One of the biggest talking points in college football continues to be the state of the Big 12.
Despite seeing Oklahoma make the college football playoff last year, many still believe the league should expand to at least 12 teams. With just 10 right now, the Big 12 is missing out on a lucrative conference championship game, but even more concerning is that it could miss out on future playoff berths as well. Baylor and TCU seemingly were penalized two years ago when both finished with 11-1 records and were left out of the playoff after playing one fewer game than their completion in the other Power 5 conferences.
Though it’s easy to see why many in the league want to get to at least 12 teams there are a few people who are still against it — mainly, the head coaches.
On a conference call Monday, a handful were asked about expansion and several stated their concerns.
Here are their responses, via USA Today:
Oklahoma’s Bob Stoops: “I don’t know how a championship game with 10 teams when you’re playing everybody already would really be that positive. With 12 teams of course it would be, but now you have to expand, and we’ll see where that goes.”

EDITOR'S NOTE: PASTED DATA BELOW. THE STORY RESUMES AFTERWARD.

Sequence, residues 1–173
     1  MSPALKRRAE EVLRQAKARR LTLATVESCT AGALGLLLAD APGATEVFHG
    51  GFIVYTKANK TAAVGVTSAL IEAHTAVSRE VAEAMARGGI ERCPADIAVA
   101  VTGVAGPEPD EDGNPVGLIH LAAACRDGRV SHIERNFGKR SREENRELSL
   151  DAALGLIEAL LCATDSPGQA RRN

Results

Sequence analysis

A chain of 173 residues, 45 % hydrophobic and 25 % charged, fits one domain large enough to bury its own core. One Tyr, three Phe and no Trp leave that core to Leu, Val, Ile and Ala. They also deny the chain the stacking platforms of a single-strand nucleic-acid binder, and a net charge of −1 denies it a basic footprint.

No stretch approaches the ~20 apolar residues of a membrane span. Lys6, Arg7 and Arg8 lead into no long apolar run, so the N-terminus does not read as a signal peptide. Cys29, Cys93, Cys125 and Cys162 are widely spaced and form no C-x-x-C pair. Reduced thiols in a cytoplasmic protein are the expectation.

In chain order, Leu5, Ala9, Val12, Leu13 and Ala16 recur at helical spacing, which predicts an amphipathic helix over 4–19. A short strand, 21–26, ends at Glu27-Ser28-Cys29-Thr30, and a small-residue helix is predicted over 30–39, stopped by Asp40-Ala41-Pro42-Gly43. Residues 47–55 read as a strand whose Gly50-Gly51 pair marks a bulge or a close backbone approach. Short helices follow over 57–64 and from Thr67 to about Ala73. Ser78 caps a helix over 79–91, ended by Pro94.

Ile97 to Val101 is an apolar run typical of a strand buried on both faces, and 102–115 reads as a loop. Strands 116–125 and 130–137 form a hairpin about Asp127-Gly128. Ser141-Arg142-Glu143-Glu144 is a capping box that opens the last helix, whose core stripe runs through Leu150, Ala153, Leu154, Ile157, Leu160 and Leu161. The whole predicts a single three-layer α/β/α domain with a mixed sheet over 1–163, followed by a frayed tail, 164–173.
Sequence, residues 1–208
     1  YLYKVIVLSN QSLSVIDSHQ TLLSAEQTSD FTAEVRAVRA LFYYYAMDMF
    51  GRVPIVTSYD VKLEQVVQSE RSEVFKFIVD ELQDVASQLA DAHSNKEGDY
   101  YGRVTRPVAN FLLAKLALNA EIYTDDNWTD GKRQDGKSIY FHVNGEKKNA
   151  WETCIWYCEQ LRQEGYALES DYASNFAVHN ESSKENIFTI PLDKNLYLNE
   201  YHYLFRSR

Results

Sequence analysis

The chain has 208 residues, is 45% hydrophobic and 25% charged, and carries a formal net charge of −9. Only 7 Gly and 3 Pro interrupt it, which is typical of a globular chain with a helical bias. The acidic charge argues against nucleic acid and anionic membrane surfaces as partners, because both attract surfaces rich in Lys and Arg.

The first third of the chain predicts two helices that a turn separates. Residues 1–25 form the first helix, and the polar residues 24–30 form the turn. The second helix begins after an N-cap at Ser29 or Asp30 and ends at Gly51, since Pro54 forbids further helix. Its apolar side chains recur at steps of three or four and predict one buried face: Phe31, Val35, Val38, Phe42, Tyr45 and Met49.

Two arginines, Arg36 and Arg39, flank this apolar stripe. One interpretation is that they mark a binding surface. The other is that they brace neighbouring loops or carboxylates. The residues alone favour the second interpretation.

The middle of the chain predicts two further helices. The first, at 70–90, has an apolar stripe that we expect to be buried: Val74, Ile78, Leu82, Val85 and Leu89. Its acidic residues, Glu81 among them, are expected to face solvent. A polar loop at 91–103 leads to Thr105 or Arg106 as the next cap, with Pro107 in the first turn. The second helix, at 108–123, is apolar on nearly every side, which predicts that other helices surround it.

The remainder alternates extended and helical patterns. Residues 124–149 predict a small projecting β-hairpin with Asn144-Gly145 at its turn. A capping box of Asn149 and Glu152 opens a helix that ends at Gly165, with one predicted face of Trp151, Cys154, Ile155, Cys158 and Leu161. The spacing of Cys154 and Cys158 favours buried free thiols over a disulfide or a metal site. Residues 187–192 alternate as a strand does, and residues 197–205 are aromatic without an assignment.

TCU’s Gary Patterson:“It’s tough to have a round-robin. Everybody wants to say you have to have expansion so you have a better chance of playing for a national title. They should try to play everybody every year. I like the model that we have now, even though it’s tougher.”
West Virginia’s Dana Holgorsen: “I think the Big 12 got it right last year. Based on the results of what happened, I think we’re in pretty good shape moving forward.”
On the one hand, these guys are coaches; their livelihoods are based on how many wins they get in the regular season, what kind of bowl games they make, and, for a few, whether they make the playoff. Anything — like adding a conference championship game — that makes those goals harder, is obviously a deterrent for them.
At the same time, they really do have a point.
The great thing about having only 10 teams in the conference is that it creates a true “round-robin” format, where everyone does play everyone else. If one team goes through that gauntlet and proves that they are clearly the best team in the conference — as Oklahoma did last year — why penalize it?
It’s a fair question, but one that — as we know — is ultimately out of their hands.
As for the expansion talk, we should get a better understanding of what the conference’s future is at league meetings next month.